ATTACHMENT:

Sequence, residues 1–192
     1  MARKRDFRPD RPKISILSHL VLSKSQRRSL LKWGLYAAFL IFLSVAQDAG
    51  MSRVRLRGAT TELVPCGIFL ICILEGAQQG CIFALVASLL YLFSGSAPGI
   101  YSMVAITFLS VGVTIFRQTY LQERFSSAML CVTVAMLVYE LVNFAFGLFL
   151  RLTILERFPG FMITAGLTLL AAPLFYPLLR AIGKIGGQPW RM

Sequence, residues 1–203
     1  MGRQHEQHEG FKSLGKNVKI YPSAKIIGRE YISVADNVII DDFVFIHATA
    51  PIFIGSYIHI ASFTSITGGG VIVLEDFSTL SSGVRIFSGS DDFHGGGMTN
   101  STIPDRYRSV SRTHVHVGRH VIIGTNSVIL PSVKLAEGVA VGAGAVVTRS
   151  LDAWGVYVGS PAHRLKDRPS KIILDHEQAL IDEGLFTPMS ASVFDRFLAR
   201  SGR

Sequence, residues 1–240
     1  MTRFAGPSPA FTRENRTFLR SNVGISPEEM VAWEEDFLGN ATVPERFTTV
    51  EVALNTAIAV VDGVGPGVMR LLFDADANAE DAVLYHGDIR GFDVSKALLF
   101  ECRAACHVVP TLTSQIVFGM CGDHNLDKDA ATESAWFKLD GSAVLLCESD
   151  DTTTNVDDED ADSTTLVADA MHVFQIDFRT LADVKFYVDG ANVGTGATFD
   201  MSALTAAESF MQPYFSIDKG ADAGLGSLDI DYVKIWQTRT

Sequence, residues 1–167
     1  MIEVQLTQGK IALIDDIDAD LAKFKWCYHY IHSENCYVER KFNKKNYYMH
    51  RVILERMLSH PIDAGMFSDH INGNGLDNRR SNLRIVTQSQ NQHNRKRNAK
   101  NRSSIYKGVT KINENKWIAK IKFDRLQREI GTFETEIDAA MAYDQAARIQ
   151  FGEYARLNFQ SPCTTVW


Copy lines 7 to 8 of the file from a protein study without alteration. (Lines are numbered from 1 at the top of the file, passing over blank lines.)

     1  MGRQHEQHEG FKSLGKNVKI YPSAKIIGRE YISVADNVII DDFVFIHATA
    51  PIFIGSYIHI ASFTSITGGG VIVLEDFSTL SSGVRIFSGS DDFHGGGMTN